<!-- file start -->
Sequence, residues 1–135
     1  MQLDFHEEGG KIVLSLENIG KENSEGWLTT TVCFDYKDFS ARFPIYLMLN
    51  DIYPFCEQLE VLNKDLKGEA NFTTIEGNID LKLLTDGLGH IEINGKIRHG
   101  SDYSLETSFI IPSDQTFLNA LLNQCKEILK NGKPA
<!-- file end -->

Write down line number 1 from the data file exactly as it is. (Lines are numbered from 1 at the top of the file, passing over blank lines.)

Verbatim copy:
Sequence, residues 1–135